Picture This

Imagine you’re in elementary school. You take fraying textbooks out of a locker that won’t lock; it’s been broken since before the kids in your class can remember because no one has the time or money to fix it. You walk into a classroom with no window, dimly lit by dusty, dying light bulbs.

You and your classmates take your seats. There’s no one at the head of the classroom. You wait on bated breath. Five minutes, ten minutes, fifteen minutes go by, and you realize you don’t have a teacher today.

Maybe you take out your books and read anyway, hoping you’re still following the lesson. Maybe you meander the halls to see if another classroom will take you today. Maybe you just go home.

You find out the next day that your teacher left to teach at another school. You wonder if they followed all those white kids who moved to the school that’s farther away but is said to have cleaner classrooms and newer books.

Your new teacher is a lot older. They don’t know what’s in these textbooks so you spend some time catching them up on the material. Sometimes they just talk about what they used to teach a long time ago, before you were even in kindergarten.

Eventually you get another new teacher. This one is younger. They seem surprised that there are only a few white kids in your classroom. When the kid next to you throws a paper wad at one of the kids in front, the teacher looks at them but doesn’t do or say anything.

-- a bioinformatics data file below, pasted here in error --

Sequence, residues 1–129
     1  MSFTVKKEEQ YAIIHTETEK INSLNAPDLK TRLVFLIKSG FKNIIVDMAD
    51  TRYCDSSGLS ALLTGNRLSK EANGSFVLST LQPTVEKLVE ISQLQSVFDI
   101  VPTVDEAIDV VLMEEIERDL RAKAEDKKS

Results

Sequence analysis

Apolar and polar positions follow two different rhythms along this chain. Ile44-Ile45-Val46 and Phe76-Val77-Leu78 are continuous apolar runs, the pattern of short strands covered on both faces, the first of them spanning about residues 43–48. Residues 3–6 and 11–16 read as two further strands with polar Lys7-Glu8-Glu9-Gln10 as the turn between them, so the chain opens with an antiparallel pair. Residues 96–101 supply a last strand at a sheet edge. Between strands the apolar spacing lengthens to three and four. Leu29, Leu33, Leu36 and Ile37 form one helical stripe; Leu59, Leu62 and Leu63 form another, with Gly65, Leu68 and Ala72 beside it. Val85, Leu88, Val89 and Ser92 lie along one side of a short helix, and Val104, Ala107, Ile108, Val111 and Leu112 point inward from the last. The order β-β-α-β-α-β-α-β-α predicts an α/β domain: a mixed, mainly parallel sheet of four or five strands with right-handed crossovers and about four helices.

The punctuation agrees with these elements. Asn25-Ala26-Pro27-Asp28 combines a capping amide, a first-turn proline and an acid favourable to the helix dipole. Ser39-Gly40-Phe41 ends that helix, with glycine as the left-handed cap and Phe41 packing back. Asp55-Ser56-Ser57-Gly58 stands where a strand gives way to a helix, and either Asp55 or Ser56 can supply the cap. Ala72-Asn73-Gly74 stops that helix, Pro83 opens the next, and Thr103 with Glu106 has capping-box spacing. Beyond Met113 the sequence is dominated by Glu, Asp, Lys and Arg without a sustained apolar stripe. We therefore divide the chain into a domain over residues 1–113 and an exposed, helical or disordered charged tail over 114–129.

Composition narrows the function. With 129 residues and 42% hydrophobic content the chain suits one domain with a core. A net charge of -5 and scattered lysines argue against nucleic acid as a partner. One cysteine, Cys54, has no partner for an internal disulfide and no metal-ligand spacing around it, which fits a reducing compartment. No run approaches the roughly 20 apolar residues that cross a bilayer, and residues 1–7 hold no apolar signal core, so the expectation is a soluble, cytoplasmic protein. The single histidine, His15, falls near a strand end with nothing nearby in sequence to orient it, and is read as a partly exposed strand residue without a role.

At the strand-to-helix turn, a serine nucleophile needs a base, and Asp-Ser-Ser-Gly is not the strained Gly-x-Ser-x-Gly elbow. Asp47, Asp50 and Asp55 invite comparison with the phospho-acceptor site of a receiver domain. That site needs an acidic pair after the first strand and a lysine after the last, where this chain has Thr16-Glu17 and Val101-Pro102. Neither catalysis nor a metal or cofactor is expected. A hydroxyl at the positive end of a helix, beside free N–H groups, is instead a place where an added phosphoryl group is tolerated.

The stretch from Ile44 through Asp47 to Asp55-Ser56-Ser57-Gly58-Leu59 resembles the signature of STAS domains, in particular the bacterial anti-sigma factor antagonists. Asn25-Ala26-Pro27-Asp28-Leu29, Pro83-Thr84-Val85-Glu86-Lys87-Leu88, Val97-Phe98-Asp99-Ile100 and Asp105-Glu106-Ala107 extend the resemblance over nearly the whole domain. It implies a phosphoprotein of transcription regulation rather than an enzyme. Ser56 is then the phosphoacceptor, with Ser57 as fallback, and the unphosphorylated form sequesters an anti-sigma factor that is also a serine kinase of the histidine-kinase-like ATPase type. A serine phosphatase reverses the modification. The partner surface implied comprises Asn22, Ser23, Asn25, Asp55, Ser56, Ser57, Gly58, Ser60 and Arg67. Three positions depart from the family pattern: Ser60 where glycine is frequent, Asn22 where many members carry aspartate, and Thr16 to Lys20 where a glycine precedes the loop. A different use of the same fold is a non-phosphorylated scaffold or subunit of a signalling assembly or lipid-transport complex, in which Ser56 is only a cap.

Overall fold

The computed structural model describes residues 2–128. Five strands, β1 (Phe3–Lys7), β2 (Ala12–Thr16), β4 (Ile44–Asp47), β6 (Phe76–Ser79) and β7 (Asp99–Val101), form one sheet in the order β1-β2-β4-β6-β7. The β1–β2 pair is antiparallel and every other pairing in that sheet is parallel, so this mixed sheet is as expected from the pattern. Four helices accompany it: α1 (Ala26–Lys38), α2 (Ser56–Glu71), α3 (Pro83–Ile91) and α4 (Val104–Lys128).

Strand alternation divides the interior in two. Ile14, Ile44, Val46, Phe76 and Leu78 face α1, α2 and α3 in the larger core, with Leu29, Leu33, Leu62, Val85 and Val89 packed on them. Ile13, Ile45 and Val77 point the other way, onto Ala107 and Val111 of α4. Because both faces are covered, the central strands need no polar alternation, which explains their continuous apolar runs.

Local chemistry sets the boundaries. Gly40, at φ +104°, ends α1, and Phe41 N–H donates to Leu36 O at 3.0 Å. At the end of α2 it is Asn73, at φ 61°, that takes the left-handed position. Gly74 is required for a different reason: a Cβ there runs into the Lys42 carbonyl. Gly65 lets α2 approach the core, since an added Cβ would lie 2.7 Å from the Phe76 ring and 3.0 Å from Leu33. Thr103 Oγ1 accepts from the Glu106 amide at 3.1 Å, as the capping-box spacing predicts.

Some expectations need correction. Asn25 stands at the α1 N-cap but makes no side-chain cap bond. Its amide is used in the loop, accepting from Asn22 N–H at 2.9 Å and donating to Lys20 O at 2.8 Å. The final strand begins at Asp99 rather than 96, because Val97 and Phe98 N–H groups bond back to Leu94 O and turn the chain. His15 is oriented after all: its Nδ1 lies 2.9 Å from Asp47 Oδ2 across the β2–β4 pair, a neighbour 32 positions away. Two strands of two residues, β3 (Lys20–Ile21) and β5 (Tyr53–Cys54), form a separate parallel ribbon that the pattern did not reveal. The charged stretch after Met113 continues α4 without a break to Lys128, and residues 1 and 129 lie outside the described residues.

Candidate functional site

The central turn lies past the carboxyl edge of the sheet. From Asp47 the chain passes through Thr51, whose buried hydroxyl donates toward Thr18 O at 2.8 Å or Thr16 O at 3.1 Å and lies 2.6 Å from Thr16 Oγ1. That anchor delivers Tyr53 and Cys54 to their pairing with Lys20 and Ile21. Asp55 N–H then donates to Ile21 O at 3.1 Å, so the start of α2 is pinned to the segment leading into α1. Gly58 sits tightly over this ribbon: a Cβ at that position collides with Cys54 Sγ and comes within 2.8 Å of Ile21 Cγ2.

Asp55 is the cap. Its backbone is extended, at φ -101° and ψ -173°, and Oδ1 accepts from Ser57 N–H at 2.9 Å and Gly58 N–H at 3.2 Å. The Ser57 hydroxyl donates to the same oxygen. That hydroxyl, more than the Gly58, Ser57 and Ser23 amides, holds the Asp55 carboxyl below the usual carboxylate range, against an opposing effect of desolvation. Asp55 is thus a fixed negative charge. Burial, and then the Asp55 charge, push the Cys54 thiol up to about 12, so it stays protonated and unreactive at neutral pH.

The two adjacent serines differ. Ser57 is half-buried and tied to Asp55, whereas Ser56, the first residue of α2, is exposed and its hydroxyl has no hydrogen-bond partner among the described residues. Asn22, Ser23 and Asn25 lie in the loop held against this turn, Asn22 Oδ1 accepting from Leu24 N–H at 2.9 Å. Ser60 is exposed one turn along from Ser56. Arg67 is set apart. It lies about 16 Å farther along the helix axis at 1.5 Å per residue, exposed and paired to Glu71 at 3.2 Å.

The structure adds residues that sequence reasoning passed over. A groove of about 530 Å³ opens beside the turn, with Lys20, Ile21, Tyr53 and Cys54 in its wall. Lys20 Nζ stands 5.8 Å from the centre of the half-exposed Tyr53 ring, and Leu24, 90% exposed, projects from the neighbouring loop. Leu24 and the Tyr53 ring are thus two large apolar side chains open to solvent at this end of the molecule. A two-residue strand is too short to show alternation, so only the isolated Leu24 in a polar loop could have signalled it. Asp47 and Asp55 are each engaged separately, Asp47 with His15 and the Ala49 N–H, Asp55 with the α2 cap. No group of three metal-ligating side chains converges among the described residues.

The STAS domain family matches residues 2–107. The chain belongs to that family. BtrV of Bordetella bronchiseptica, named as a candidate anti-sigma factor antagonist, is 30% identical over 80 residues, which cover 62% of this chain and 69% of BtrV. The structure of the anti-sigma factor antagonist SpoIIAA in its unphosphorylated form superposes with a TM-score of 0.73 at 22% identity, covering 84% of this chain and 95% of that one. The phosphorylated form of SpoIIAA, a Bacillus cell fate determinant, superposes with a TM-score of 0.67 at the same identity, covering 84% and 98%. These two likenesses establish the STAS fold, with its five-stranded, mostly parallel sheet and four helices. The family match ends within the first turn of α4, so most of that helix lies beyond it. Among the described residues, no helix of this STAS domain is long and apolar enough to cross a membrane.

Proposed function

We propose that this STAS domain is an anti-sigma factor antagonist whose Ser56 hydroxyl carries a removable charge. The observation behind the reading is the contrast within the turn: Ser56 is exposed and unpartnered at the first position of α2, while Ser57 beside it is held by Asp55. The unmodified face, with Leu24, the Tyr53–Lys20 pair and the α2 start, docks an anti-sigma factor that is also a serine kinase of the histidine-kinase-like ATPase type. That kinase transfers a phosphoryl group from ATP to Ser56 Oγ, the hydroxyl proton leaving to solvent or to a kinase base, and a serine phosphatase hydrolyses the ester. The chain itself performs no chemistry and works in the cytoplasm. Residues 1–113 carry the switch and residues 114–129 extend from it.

You have a hard time listening because you’re tired; the babies cried half the night, and even though he tried to be quiet, dad still woke you up when he came back from work around two in the morning. At one point you fall asleep in class. Your new teacher wakes you and up scolds you in front of everyone. When you get home your mom is on the phone with the teacher. You hear your mom try to explain that she’s not a bad parent, she’s just having a hard time keeping things together right now. You remember her telling you how she’d dropped out of high school after she kept being suspended for being “disruptive.” Even though the white kids could have been doing exactly the same thing. She was always the one who got called out for it. Just like you.

You go to the table to start doing the math homework your new teacher gave you. You’re not sure really what it is, because you haven’t done this kind of math in your class yet. You chew your pencil and you wonder if you’re going to be like your mom. If school keeps being like this, maybe it would be better if you just stayed home and helped take care of the family.

Leave a Reply

Please log in using one of these methods to post your comment:

WordPress.com Logo

You are commenting using your WordPress.com account. Log Out /  Change )

Google+ photo

You are commenting using your Google+ account. Log Out /  Change )

Twitter picture

You are commenting using your Twitter account. Log Out /  Change )

Facebook photo

You are commenting using your Facebook account. Log Out /  Change )

Connecting to %s